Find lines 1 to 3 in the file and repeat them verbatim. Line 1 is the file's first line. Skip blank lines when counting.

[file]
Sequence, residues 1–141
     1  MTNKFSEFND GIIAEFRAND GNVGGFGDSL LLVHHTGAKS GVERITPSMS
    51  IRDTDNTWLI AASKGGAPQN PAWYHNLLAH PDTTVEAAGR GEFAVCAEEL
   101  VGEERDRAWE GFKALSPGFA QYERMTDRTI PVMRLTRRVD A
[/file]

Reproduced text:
Sequence, residues 1–141
     1  MTNKFSEFND GIIAEFRAND GNVGGFGDSL LLVHHTGAKS GVERITPSMS
    51  IRDTDNTWLI AASKGGAPQN PAWYHNLLAH PDTTVEAAGR GEFAVCAEEL